Selfish vs. Selfless In Your Relationship

As I’m writing this today, I’m sitting on an airplane…

Thinking in my head…

 Will this guy PLEASE keep him arm on his side of the seat and let me use just a tiny bit of the arm rest?

The more I thought about it, the more I got aggravated and the more I made myself smaller, swishing up against the window of the airplane…

Seriously, doesn’t he respect my personal space?  This is so annoying – and my arm and neck are starting to ache from making myself so small…

And then it happened…YEP…

He sneezed!  Moving his arms and hands to cover his mouth…

And I seized upon the opportunity.

That’s right; I put my forearm firmly on the armrest in between us! AHA!  It’s mine!

It felt good for a couple of minutes.  Really good.  I could relax and not be so tense.

But then I noticed…his tension…

“So, why should I care?  He took my comfort away from me for the last 45 minutes.  He can live with a little discomfort for the next hour.”

Unfortunately, I started to feel bad and uncomfortable myself – so I again attached myself to the window far away from the armrest.

Okay – what does this have to do with relationships or marriage? 

A lot! 

This short story represents a number of things in relationships:

  1. When I was selfless and scooted away from the armrest – I became very uncomfortable in order to make this guy comfortable.  Have you ever done that in your marriage?  Do you often give in to the other person to the point where you are losing out?

  2. When I was selfish and took full control of the armrest – I felt guilt, and my neighbor was very uncomfortable.  Have you ever done things without considering your partner’s comfort or needs, or what is best for them?

  3. I let my frustrations get the best of me and made a kind of sneaky (although funny) move to get my way, instead of letting my neighbor know that I was uncomfortable.  Have you ever done something your way without talking to your spouse about it – because you didn’t want to feel uncomfortable, or get into an argument?

I started thinking.  What could I have done differently?  How could we both have been comfortable?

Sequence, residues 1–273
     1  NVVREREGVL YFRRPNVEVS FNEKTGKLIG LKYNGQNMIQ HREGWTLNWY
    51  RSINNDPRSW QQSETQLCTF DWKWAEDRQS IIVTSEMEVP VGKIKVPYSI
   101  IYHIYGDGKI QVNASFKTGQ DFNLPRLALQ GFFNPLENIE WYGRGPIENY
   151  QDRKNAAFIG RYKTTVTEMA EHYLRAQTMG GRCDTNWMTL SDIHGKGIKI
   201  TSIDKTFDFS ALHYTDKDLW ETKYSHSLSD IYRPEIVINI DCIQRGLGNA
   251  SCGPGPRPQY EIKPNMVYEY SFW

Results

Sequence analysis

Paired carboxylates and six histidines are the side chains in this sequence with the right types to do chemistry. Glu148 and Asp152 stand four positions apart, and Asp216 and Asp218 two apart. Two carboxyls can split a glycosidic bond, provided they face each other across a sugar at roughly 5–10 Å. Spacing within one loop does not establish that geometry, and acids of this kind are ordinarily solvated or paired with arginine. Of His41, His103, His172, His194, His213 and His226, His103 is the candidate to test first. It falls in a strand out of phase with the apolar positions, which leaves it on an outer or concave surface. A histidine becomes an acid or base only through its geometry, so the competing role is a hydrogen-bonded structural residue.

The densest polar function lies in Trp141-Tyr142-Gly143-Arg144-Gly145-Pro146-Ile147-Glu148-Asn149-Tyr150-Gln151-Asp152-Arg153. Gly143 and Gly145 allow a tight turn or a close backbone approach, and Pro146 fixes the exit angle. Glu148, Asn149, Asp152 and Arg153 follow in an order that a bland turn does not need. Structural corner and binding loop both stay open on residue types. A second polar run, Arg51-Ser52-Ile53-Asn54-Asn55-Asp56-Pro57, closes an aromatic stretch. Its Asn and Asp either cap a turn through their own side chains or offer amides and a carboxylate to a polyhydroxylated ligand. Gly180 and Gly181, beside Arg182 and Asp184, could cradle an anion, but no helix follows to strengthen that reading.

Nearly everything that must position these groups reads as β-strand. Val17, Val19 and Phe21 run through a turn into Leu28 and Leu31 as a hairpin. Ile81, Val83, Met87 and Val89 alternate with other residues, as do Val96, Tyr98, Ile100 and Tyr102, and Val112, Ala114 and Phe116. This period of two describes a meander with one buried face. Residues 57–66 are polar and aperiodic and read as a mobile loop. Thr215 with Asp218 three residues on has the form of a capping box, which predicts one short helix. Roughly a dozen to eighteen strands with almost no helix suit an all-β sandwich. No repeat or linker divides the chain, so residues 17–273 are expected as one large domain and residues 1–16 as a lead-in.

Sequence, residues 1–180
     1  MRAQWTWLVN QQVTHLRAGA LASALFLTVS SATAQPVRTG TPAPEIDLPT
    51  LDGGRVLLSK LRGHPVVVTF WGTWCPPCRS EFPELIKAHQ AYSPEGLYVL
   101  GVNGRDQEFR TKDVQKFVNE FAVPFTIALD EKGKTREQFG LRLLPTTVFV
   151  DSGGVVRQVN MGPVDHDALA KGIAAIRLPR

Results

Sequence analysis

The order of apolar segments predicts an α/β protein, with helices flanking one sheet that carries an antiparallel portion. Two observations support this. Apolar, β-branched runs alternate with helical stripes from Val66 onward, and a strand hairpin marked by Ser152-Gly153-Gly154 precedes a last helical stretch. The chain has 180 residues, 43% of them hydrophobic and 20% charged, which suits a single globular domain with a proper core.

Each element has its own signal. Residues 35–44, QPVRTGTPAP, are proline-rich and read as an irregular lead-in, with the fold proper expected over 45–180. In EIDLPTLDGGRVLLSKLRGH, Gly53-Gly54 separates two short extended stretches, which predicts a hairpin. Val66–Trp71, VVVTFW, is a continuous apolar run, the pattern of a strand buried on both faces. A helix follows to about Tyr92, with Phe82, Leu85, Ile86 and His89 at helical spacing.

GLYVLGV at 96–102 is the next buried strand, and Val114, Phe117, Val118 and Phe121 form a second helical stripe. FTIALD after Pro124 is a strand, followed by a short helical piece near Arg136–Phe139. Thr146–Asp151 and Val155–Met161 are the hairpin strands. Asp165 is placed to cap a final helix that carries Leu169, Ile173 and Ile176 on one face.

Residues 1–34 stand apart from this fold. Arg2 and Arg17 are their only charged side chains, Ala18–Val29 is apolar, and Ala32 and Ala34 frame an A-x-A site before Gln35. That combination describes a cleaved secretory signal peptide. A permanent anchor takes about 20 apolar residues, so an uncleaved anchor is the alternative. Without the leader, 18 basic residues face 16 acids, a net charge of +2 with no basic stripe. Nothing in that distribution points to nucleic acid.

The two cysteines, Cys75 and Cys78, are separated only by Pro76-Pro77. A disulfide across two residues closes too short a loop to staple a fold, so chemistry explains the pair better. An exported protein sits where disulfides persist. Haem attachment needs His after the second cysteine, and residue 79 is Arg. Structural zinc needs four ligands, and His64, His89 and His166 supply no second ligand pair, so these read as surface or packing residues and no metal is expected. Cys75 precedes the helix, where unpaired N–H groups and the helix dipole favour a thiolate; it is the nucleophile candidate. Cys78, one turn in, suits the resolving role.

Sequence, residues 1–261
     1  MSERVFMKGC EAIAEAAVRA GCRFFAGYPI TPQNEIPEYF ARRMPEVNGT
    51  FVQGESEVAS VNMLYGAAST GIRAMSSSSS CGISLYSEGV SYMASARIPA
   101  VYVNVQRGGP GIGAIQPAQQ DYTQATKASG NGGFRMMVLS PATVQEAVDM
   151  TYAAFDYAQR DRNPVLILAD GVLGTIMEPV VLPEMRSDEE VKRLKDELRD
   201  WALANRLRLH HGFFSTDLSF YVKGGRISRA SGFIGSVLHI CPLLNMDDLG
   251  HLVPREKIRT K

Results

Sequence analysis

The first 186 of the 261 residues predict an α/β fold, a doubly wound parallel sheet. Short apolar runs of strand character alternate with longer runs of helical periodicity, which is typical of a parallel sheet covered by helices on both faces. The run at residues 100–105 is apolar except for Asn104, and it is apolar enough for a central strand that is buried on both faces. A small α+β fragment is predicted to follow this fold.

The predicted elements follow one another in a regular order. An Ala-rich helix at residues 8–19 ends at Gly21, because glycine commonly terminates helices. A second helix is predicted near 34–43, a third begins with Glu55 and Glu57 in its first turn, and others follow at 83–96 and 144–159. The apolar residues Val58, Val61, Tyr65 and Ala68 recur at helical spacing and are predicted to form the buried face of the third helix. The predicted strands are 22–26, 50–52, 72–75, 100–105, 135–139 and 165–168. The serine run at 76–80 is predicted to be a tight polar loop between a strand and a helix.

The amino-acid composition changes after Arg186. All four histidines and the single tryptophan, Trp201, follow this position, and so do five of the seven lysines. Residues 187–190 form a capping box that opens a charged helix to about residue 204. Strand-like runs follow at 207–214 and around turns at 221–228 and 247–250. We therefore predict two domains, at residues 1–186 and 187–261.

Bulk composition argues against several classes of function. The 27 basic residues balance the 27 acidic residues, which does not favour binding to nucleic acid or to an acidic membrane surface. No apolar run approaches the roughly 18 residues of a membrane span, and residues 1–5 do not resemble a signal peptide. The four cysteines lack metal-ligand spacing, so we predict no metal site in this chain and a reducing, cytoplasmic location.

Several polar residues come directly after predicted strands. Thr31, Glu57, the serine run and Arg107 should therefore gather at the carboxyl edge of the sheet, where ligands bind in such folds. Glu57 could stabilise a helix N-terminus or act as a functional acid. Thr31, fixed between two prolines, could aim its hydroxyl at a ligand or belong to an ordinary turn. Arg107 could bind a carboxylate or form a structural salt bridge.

The first thing I could’ve done is talked to him about it. 

I could have simply said, “Hey buddy, I’m a little uncomfortable over here, do you think there is a way that we can both sit, so we’ll both be more comfortable?”  If he was reasonable, we probably could’ve solved the problem together.  If he was not reasonable, at least I let my voice be heard without re-shrinking to the window.

I could’ve let go of my feelings and frustrations about being uncomfortable, and problem solved myself another way to be comfortable.

The key here is…

You have to find the balance in your relationship between selfless and selfish.

If you are constantly selfless and letting everyone else have the armrest – you will find yourself resentful and frustrated with lots of aches!

If you are consistently selfish you will push your partner away, make them feel uncomfortable, and probably live with some hidden guilt and anxiety. 

If you can find the balance between getting your needs met and meeting the needs of your spouse – then you can create the perfect airplane seating situation…

You can create a “We” that allows you to be close, without losing your own individuality.

Isn’t that what we all want? 

A partner who we can share life with, who can help us to grow in ourselves and who can share in our challenges and wins?

Here are some questions to ask yourself to understand how well you are balancing selfish and selfless. 

  1. Do you sometimes feel that you cannot separate yourself as an individual from your relationship?  If so, you may need to be a little more selfish and take better care of yourself and your own needs, while still nurturing the needs of your partner.  This requires you to truly understand yourself and what makes you happy.  Remember, you cannot truly be happy in any relationship unless you are happy in yourself.

  2. Do you sometimes feel distant from your spouse?  If so, you may need to be a little more selfless.  It’s possible that the “we” in your relationship has gotten away.  How can you start doing more things for or with your spouse?

Be honest with yourself, because only then you can make the adjustment.  Start making small adjustments until you find the perfect balance between “we” and “me”. 

Oh geez, I almost forgot.  Check-out my latest article in MindBodyGreen.  It’s all about how making a simple mindset shift can change your marriage. 

Next week, I’ll dive deeper into this subject, and even give you a free worksheet and video to help you start changing your mindset!